Influences

What writers or books have most impacted you as a person?   Literature can have profound influence on who we are, what we do for a living, how we think or what we care about.  For example, a survey conducted several years ago by the American Bar Association asked its members what made them decide to be a lawyer.  Overwhelmingly, ABA attorneys cited the character of Atticus Finch from Harper Lee‘s To Kill a Mockingbird for inspiring them to pursue the law. Of course the fact that Gregory Peck played Atticus in the film version might have played a role in the decision too!

For writers, the work of fellow authors, particularly those we encounter when we are first beginning our literary careers can literally shape not only how we write, but what we write about.

To get the discussion started, we asked some of our  editors and contributors to share insights into the writers who most influenced their literary aspirations and why.  We encourage all our readers to join in the discussion as well using the comments form below and participate in all our Talkback/Discussions on Community Forum.

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3 thoughts on “Influences

  1. This comment comes from Christabel Choi, Class of 1990:
    Pulling one influential writer out of my life would be like picking the best word out of a sentence. Shall I start with Mom, who forced me into writing one whole sentence a day in my journal –wittingly starting a lifelong addiction to producing prose? Or shall I go several lifetimes further to college, where a Russian poet with piercing commentary soaked us in language until every step of running to class was a line from great literature? Or is today more relevant, when the jumble of books on my nightstand ranges from sacred texts to the latest teen read to Dr. Seuss to (no, not the one under the nightstand that I don’t want the kids to find…) to some recent theory of education or society, to a classic I should have read long ago and am somehow surprised to find I really enjoy? Unfortunately, I can’t pull a name out of the bag or off the bookshelf without exclaiming how the author next to it was influential, too. And this question will keep resurfacing in my mind, inevitably ending up as entries in that lifelong journal…

  2. My most profound influences came when I was a child. I decided I wanted to be a writer like Louisa May Alcott’s Jo, and started scribbling when I was in the third grade (much encouraged, I must add, by my wonderful Miss Rodgers’ suggestion that I might be a writer one day). Alcott’s nineteenth-century prose taught me about the nuances of language in ways that more contemporary writers probably couldn’t have, but she wrote so movingly about things that were important to an eight-year-old — family, friends, hopes and aspirations, how to be a person in the world — that her stories had an immediacy that spoke directly to my heart. Though my grandfather had died when I was tiny, I consider Beth’s dying in Little Women to have been my first real experience of death. I had to put the book away for a long time after I read that part, but eventually I picked it up again and, like Jo, persevered. And now that I think of it, the fact that both Alcott and Jo were female must have sparked the connection in the first place.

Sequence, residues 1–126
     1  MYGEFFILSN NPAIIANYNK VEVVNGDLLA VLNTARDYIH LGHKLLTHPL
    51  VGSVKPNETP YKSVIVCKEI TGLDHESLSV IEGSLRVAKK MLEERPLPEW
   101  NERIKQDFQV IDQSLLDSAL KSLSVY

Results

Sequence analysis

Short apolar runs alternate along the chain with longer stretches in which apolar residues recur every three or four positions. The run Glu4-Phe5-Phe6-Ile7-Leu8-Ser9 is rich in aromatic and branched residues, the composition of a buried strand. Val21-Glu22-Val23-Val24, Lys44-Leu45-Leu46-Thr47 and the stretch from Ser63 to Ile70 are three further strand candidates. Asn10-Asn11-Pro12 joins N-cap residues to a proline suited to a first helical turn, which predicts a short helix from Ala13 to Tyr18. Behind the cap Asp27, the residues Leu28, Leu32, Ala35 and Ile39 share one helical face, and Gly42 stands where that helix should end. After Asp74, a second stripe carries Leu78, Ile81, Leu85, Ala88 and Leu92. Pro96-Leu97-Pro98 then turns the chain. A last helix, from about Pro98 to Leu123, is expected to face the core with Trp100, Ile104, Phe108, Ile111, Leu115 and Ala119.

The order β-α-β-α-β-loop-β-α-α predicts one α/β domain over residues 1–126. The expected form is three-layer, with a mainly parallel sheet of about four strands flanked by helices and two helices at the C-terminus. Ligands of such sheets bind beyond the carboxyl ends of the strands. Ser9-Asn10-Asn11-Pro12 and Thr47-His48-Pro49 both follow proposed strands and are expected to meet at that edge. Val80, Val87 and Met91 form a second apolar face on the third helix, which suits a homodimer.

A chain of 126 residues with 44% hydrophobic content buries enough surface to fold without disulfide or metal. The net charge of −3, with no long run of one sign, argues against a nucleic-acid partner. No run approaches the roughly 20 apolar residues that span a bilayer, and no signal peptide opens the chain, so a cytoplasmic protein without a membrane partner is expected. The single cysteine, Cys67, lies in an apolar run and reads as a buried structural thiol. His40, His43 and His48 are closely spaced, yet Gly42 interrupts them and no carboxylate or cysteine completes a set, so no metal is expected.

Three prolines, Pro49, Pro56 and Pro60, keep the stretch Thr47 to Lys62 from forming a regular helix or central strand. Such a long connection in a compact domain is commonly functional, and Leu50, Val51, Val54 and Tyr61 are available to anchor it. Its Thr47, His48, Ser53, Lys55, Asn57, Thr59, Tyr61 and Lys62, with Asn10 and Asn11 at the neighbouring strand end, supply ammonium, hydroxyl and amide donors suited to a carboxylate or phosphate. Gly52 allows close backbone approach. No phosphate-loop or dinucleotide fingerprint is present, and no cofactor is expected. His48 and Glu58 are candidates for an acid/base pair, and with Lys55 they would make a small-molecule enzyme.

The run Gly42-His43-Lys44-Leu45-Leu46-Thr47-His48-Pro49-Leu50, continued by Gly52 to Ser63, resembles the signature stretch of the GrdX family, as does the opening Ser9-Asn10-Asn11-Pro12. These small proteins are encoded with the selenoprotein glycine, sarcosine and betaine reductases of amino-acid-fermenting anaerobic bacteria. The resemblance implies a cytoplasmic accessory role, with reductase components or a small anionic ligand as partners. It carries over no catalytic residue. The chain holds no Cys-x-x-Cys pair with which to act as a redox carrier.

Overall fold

My other influence will seem trite, especially since several Supreme Court Justices have claimed it as an inspiration, but I have to cite the Nancy Drew mysteries by “Carolyn Keene.” Of course now we know that Carolyn was the pen name of the several writers who authored the series over the years, but we didn’t know that back then, and I just, well, inhaled as many of those books as I could. If you asked me now, I couldn’t describe much about the prose style, but I think that there was a spareness to it that I liked. (Perhaps the Carolyns had read Hemingway?) Years later, I read that one of the most prolific of the Carolyns was a newspaper reporter who wrote a column well into her nineties. I was a reporter myself at that time, and I made a wish that I’d be around to write a column at that age.

  3. The writers I read in my late teens and twenties have most influenced my work, and most of them I discovered, not in college or graduate school, but on my own. The writings of F. Scott Fitzgerald, Milan Kundera, Annie Dillard, Margaret Atwood, Barbara Kingsolver, and Amy Tan have all profoundly shaped me as a writer. But the author who has influenced me most is clearly novelist, journalist and personal essayist Joan Didion. In her essay collections such as The White Album and Slouching into Bethelhem, Didion expressed so many of the feelings I had–despair, phobias, ambition, the longing for something more, the quest to make sense of the world around her–that reading her often felt as though I was having a conversation with myself. And her novels, particularly Democracy and Play it As It Lays, were among the first I ever read which involved strong, contemporary female protagonists who insisted on living life on their own terms, even if doing so ultimately brought them sorrow or loss.

    Yet it is the way Didion writes that has transformed me the most. First developed by Hemingway, but refined by Didion, the iceberg theory of writing is predicated on the fact that only a very small portion of an iceberg is actually visible: three quarters of a iceberg lies beneath the watery depths. What Didion achieves is based not on the words that appear on the page, but by what she deliberately leaves out out. Tension and conflict are built on what lies beneath the surface of the characters’ dialogue and observations. She gives the reader just enough of the conversation, the image, the scene, that what’s not said makes me shiver with recognition or fear. — Sandi Sonnenfeld ’85, Author of This is How I Speak: A Memoir in Diary Form

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